First Time Buyers

what you need to know

Thinking of buying your first property? Good for you! It’s difficult, but it’s certainly not impossible – especially if you’ve been saving up for some time for that all-important deposit.

The good news is that if you haven’t managed to put away that much money, then the government has introduced a raft of schemes specifically aimed at first time buyers which can help with that big deposit – and even reduce the overall cost of the property.

@HomeOwnersAll: “How much you can afford to borrow is usually calculated by taking three all important factors into account: salary, outgoings and credit history. Lenders typically will lend 4 to 4.5 times your salary depending on your outgoings and credit history…Other income such as pensions, investments or earnings that fall outside your main salary will also be considered.”

Government schemes to get you on the ladder

  • Help to buy - Premier Financial GroupHelp to Buy: equity loan

Available for first time buyers, under the new flagship equity loan scheme, the government will lend you up to 20% of the cost of a newly-built home interest-free for five years. It’s 40% of the cost if the home you plan on buying is in London.

That’s great news if you haven’t had a chance to save up for long as it means you’ll only have to pay 5% of a 25% deposit upfront. Better still, you only start paying back that 20% in year six. That’s at 1.75%. The fee increases each year, based on RPI plus one percent.

You’ll also need a repayment mortgage from a high street lender such as Barclays, the Halifax, NatWest, Santander, Nationwide Building Society, the Post Office, TSB or Virgin Money.

Launched on April 1 last year and ending in April 2023, the new Equity Loan scheme has a regional cap for the value of the properties which qualify for the scheme. It was based on 1.5 times the regional rate. In London, for instance, the property you’re buying can’t exceed £600,000. In the South West the figure is £349,000, in the West Midlands £255,600 and the North East £186,100.

Note that Help to Buy equity loans are only valid for new build homes which have been built by a developer registered with the scheme.


  • Shared ownership

The ‘shared ownership’ doesn’t mean sharing ownership with another individual, but rather buying a share of the property outright, the rest you pay in rent. You can buy as little as 10%  of the property’s value or as much as 75%. The idea being that you ‘staircase’ (i.e. buy more of it as time goes on) until you own the property outright.

To qualify you and your partner’s income (or however many of you are buying) must be less than £80,000.


  • First Homes

A new scheme aimed at helping first time buyers and local key workers buy their own home, First Homes offers discounts of up to 30% on the market rate of a property. Discounts in certain regions can even be as much as 50%.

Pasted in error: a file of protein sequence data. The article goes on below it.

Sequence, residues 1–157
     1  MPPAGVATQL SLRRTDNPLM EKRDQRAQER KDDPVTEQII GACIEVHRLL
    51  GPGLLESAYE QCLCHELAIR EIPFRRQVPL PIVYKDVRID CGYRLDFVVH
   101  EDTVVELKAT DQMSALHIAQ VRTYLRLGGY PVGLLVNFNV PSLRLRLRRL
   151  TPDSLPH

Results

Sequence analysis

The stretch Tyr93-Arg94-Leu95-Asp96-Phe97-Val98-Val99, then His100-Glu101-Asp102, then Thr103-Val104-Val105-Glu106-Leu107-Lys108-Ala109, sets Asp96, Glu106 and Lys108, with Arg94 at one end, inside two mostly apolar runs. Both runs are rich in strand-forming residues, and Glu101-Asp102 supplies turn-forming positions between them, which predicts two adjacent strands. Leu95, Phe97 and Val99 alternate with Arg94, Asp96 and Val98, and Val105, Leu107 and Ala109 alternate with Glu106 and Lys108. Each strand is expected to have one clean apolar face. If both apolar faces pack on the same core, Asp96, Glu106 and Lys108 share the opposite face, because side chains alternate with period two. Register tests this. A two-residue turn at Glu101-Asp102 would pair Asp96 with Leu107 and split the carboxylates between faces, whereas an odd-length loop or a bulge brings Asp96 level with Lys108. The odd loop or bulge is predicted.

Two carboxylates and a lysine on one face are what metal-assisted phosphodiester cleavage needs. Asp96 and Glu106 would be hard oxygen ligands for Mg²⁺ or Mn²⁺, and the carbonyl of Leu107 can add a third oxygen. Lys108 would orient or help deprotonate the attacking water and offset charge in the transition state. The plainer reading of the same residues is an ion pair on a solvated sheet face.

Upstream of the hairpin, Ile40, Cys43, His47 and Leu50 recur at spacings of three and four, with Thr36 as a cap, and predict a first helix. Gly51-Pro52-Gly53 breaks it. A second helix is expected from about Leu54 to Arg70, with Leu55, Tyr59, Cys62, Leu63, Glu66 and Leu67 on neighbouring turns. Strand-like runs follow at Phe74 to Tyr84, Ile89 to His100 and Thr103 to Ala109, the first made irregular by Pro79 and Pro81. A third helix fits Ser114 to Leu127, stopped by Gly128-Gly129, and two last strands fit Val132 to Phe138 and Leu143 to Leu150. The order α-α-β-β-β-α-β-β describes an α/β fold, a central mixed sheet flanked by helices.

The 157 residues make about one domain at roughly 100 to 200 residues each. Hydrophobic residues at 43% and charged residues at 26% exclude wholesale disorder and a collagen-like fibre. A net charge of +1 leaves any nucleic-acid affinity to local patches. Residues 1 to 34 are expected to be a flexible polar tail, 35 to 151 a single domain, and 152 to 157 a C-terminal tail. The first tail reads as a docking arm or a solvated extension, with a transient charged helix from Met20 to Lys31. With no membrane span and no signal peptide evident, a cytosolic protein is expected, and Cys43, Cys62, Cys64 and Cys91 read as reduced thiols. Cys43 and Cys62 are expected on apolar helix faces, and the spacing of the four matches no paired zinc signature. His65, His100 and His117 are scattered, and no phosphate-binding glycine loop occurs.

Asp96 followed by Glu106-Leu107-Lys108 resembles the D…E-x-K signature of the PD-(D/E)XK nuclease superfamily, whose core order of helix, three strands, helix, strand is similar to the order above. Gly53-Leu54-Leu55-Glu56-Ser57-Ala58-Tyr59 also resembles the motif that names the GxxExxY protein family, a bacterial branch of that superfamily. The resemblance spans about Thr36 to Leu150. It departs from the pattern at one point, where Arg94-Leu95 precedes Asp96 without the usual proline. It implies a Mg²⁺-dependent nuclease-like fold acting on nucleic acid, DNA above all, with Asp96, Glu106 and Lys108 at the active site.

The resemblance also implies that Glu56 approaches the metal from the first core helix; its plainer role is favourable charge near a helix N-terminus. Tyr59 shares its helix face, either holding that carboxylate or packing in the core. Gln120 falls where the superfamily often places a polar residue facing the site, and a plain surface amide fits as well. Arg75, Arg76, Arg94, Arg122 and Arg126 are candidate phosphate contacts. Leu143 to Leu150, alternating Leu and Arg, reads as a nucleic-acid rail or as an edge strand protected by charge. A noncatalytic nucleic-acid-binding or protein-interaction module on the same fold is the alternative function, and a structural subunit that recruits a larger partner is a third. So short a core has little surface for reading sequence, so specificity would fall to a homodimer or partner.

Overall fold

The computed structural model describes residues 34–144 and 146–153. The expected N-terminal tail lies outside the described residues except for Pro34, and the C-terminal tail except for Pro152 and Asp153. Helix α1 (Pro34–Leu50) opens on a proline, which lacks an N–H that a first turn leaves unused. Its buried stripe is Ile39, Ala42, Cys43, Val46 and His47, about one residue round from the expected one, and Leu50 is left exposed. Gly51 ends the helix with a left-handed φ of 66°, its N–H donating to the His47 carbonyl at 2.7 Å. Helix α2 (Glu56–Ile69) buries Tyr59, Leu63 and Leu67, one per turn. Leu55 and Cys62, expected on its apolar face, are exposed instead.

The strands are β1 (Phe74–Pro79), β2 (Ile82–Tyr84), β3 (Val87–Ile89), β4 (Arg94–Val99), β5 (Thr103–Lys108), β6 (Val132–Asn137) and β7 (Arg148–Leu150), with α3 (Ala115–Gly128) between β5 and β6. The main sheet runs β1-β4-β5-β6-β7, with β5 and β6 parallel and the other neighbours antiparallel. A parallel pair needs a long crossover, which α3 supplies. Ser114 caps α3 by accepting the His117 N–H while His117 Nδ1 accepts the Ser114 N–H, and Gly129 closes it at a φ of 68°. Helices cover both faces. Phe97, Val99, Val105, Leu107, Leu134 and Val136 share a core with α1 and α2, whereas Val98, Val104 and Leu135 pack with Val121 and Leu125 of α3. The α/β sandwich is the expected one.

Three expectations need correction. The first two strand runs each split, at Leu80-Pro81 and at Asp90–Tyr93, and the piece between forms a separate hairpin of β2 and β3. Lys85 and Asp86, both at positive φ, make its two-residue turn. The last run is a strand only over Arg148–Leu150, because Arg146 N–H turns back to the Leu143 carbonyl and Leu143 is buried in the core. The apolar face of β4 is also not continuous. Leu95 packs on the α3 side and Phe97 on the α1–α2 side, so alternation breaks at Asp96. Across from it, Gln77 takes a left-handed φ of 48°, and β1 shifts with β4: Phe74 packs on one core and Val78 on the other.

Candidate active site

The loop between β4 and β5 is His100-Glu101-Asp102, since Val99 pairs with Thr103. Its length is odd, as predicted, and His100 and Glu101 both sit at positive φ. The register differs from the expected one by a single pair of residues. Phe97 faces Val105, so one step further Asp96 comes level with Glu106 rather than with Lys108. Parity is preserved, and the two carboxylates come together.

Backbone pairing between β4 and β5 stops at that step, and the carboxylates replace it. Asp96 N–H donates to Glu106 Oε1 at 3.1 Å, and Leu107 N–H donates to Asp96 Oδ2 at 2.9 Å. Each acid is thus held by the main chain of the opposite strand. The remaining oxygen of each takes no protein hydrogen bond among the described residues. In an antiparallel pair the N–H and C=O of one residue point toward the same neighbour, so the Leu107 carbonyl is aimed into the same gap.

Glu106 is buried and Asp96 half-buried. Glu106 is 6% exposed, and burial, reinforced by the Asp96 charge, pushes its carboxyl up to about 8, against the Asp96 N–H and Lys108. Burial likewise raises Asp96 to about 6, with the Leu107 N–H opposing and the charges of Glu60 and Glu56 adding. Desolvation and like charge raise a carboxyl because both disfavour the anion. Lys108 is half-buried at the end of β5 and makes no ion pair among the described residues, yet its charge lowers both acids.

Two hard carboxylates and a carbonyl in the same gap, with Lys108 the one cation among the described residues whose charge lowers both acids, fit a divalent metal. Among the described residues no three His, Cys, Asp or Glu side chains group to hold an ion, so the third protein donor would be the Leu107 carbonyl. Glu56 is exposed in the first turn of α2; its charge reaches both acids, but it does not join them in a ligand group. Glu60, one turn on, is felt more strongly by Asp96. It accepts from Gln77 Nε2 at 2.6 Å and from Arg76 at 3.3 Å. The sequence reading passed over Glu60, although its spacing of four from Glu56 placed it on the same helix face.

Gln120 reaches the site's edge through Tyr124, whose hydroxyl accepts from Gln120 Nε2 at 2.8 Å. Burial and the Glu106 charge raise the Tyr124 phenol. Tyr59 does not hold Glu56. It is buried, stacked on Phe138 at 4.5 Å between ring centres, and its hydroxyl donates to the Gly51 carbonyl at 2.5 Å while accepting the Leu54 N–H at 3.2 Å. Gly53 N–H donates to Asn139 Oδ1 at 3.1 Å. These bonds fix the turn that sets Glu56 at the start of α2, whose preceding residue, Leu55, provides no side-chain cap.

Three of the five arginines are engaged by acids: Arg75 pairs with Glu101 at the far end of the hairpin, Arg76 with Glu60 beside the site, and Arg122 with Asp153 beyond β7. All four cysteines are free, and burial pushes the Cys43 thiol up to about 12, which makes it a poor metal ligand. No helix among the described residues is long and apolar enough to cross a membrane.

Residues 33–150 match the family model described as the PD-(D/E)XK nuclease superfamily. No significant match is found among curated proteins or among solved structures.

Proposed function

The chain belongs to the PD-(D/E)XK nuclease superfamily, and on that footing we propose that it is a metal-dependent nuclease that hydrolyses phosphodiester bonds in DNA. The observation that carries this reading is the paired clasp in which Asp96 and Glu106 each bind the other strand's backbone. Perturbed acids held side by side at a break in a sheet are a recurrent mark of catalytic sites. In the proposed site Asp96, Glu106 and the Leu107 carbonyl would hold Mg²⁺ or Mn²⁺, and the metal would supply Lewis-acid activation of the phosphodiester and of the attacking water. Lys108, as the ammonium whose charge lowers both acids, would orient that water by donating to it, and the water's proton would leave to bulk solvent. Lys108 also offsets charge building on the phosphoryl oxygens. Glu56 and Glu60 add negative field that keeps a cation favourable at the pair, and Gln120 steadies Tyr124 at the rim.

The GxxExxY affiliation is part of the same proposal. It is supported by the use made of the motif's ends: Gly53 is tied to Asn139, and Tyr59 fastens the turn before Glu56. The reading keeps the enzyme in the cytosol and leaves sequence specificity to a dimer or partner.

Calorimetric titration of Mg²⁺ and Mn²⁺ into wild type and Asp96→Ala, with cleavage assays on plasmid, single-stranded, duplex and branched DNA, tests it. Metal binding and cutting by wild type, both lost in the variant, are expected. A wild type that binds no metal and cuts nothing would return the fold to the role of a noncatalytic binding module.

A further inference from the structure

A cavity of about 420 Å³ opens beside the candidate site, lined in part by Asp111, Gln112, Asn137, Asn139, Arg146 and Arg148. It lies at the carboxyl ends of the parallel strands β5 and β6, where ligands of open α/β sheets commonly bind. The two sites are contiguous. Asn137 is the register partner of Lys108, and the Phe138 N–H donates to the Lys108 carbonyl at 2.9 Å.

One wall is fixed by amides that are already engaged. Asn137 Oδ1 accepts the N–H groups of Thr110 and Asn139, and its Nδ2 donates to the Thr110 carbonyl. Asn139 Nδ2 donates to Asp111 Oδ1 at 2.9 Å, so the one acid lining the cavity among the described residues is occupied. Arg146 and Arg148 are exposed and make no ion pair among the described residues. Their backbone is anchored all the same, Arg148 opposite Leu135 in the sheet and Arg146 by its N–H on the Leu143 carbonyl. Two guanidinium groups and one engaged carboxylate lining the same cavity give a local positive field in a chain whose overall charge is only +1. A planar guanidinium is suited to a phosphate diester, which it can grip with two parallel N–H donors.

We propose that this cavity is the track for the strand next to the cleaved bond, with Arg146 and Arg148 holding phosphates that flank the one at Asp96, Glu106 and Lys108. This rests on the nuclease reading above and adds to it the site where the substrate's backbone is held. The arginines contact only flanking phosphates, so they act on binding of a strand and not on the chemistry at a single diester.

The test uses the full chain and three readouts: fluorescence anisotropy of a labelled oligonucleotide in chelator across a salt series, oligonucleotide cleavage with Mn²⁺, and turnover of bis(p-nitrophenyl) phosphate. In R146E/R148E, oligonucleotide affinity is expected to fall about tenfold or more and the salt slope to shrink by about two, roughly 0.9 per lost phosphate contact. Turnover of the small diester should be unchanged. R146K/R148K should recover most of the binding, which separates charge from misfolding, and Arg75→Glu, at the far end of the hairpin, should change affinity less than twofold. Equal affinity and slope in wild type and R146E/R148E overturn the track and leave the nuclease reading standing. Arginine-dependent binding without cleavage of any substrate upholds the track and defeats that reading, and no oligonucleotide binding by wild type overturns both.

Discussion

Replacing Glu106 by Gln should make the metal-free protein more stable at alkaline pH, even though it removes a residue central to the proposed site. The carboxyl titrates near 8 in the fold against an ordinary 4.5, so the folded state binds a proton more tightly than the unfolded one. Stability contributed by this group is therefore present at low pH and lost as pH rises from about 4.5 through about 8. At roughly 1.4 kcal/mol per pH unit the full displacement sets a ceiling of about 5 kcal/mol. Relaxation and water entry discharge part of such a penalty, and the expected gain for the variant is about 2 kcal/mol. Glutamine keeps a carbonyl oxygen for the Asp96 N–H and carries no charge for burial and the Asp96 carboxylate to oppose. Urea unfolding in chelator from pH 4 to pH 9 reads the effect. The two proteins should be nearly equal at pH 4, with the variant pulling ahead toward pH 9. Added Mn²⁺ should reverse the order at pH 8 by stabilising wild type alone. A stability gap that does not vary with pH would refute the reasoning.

You have to put down a 5% deposit of the cost of the property (after the discount has been taken off). To be eligible you have to be earning less than £80,000 per year (£90,000 in London).


  • Mortgage guarantee scheme

You can look for a mortgage where the deposit is less than 10% of the property’s value and under the scheme, only pay 5% of it upfront as a deposit. You then get a mortgage on the remaining 95%. The scheme closes in December this year.


  • Right to buy

Available only in England and Northern Ireland, this scheme allows you to buy a council or housing association home at a discount price, depending on how long you have been living there. You must have been a secure tenant for at least three years.

The initial discount is 35% for a house and 50% for a flat. But the longer you’ve been in the public sector property the higher the discount so after a decade it would be 40% discount for a house and 60% for a flat. You could end up with a discount of £82,800 (£110,500 in London).


Solicitors fees

You can expect to pay anything from £850 to £1,500 plus VAT at 20% for your solicitor or conveyancer. This is for all the legal work involved in drawing up the lease, transferring fees etc.

At the same time, they will add another £300 for searches to determine whether there are any long-standing underground works, such as mining, or local plans etc which could affect your property and its value.


Valuation/surveyor fees

Before you put a bid in for a property you will want to know if the building is structurally sound and the ground on which it is standing solid. You can find this out from a surveyor’s report. These come in various packages, from a basic survey for around £200 to a structural survey costing more than £600.


Moving costs 

You can hire a removal firm for anything from £300 to £600 – but you can also get a white van and do it yourself to save some cash. If you do opt for a removal firm then make sure they have insurance. That way you’re covered if anything goes wrong and a major piece of furniture, such as your bed or a sofa gets damaged. Shop around too to get the best price; you’re also more likely to get it cheaper if you move mid-week than at the weekend.


What next?

Buying your first home can be made so much easier by choosing the right mortgage broker from the start. He or she can point you in the right direction in terms of which scheme will benefit you most. They can also recommend where to get a mortgage and what you have to do to make sure you are accepted. This includes tidying up your credit score by closing down old credit cards, making sure you are on the electoral roll etc.

As always, we are here to help if you need advice on anything related to mortgages, protection insurances, will writing services, pensions & investments – just give us a call.

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